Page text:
MANILA - The Philippines needs an extra $47 million, or roughly P2.05 billion, to help more than half a million displaced people recover from a killer typhoon last year and ongoing guerrilla activity, the UN and other aid donors said Thursday.
About 530,000 people urgently need permanent shelters and emergency jobs, while debris from last December's Typhoon Bopha (typhoon Pablo) still has to be cleared, said David Carden of the UN Office for the Coordination of Humanitarian Affairs.
"Obviously we would need to receive (more aid) as soon as possible. There are still needs both in typhoon-affected areas and in other parts of Mindanao. I really hope these areas are not hit again," he told reporters.
A joint mission of UN OCHA and the Organisation of Islamic Cooperation visited the southern region of Mindanao this week, seven months after Bopha killed more than 1,000 people and left hundreds more missing.
Other parts of Mindanao are saddled with decades-old Muslim armed rebellions which have claimed tens of thousands of lives since the 1970s.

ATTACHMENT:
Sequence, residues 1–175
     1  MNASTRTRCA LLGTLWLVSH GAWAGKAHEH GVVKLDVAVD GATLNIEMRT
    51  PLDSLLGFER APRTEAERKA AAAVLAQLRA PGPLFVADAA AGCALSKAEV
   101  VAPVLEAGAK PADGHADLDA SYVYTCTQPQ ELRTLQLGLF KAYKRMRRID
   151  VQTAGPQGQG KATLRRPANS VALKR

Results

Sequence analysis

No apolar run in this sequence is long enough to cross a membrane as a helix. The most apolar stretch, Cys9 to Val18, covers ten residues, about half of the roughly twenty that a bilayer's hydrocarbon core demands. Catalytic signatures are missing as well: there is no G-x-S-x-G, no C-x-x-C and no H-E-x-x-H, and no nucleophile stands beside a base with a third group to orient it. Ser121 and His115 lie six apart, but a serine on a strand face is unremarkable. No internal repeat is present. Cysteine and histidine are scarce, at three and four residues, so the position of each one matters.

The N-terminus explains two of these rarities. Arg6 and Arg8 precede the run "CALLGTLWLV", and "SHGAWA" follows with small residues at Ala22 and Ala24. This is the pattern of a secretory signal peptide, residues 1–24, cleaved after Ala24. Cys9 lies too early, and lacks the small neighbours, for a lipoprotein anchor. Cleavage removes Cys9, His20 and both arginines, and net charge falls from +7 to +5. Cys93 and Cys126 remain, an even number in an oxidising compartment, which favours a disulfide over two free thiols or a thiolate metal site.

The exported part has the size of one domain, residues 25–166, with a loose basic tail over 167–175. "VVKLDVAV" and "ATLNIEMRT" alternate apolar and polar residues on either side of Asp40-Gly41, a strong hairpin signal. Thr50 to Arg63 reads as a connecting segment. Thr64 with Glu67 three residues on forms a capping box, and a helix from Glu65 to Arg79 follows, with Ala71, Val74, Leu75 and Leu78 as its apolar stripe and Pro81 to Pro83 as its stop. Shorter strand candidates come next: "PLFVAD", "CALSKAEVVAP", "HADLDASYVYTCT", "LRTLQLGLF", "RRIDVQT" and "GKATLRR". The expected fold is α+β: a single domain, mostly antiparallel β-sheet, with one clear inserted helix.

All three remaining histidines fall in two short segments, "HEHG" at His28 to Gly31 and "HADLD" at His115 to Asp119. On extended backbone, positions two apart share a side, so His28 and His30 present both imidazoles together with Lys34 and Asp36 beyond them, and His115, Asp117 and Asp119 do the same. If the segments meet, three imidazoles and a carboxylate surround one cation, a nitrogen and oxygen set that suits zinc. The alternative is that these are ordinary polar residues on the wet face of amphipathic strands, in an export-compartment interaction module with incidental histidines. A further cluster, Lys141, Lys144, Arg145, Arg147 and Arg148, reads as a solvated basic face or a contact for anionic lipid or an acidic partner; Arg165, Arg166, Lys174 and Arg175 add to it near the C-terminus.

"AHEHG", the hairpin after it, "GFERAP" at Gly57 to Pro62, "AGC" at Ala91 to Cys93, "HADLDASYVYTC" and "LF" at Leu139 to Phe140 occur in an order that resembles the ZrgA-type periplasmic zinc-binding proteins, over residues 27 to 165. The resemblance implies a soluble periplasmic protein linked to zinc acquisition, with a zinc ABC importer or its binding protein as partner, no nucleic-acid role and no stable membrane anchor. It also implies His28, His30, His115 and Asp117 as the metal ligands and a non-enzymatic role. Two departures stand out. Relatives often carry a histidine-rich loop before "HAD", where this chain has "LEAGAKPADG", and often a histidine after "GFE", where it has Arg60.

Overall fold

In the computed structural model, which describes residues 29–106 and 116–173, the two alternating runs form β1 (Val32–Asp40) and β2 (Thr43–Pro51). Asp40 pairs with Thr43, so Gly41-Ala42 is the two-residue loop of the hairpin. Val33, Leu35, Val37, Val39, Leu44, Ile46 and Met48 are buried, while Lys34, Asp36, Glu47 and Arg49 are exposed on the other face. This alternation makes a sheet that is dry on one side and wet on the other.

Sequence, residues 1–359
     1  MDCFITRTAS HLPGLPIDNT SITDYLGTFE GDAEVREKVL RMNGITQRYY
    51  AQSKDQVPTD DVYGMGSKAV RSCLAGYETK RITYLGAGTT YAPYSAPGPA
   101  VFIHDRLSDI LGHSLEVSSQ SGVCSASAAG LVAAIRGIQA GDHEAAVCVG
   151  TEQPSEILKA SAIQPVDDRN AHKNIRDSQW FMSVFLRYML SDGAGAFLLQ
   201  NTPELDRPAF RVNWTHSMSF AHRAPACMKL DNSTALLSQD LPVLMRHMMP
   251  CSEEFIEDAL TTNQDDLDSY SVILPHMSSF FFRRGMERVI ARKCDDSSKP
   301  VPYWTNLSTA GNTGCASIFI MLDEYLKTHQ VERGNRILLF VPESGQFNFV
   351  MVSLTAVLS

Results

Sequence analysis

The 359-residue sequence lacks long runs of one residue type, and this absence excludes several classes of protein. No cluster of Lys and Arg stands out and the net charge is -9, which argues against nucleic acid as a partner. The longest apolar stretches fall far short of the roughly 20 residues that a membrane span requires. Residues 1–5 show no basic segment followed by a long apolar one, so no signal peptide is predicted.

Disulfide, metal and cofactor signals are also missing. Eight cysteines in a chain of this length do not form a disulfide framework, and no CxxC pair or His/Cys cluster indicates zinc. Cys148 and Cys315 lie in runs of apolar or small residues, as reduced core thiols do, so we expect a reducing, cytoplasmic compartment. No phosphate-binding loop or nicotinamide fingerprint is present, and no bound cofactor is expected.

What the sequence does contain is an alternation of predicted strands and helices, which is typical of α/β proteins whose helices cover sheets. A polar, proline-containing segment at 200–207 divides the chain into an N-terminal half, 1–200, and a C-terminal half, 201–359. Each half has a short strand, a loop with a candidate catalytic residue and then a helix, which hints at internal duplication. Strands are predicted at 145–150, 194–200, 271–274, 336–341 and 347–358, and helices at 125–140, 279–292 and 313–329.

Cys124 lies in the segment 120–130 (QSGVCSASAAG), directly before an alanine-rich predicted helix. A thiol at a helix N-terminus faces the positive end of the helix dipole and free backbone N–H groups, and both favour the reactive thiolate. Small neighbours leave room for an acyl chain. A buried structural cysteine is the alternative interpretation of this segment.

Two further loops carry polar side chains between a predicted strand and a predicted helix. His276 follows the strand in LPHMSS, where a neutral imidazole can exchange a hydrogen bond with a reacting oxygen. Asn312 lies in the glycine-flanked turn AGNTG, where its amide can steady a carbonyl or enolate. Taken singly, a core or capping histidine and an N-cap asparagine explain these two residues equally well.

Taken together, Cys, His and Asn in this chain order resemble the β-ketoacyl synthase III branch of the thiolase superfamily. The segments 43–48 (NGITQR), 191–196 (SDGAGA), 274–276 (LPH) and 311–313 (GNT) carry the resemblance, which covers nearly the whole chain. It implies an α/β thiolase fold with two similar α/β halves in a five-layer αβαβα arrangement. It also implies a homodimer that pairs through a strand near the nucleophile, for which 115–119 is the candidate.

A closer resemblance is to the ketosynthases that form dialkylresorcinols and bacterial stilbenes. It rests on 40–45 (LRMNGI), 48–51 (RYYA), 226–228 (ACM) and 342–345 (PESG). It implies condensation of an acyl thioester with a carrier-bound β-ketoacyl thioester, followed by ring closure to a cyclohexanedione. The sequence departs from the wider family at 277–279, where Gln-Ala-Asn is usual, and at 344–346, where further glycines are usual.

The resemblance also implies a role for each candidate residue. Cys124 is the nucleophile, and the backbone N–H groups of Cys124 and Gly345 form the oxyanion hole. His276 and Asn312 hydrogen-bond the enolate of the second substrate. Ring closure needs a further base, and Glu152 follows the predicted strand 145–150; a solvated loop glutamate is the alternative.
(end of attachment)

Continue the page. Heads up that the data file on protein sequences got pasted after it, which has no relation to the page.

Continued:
The UN-OIC mission found the region needed $91 million to fund recovery projects, more than double the $44 million that the UN and other donors were able to raise for relief under the updated aid plan, said Assistant Foreign Secretary Jesus Domingo.
Carden said the aid must reach these areas immediately as the Philippines' rainy season had begun and these areas were still vulnerable to another typhoon.
While the government has signed a ceasefire with the main Muslim rebel groups, violence between armed factions often breaks out, prompting thousands to flee their homes.
The government is now in talks with the region's main Muslim guerrilla force in a bid to seal a final peace pact before the end of President Benigno Aquino's term in 2016.
Rashid Khalikov, a director for the UN OCHA, said the displaced population in the areas of Muslim rebellion were "more focused on immediate needs for the day: shelter, food, education for their children."
Domingo also said he was concerned that those affected might be easy prey to human traffickers who lure them away by promising better-paying jobs.